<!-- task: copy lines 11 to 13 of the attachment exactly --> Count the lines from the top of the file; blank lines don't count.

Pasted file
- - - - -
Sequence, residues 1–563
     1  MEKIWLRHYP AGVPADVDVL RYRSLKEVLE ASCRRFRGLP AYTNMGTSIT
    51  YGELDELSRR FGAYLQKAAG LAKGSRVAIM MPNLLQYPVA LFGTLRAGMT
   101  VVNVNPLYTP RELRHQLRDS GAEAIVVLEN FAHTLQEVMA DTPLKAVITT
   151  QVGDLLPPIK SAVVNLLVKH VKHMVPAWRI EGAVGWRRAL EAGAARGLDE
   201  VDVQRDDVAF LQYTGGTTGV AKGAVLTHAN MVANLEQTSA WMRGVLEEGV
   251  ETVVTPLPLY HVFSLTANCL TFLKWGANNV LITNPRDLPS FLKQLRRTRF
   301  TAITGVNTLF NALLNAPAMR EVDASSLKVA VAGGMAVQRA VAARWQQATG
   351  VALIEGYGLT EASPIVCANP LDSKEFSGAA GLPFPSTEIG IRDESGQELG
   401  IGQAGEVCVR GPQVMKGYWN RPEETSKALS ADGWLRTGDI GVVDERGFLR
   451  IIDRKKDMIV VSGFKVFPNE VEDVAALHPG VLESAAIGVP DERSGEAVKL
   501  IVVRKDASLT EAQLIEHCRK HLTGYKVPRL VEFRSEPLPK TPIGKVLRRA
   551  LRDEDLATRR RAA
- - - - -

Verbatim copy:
   451  IIDRKKDMIV VSGFKVFPNE VEDVAALHPG VLESAAIGVP DERSGEAVKL
   501  IVVRKDASLT EAQLIEHCRK HLTGYKVPRL VEFRSEPLPK TPIGKVLRRA
   551  LRDEDLATRR RAA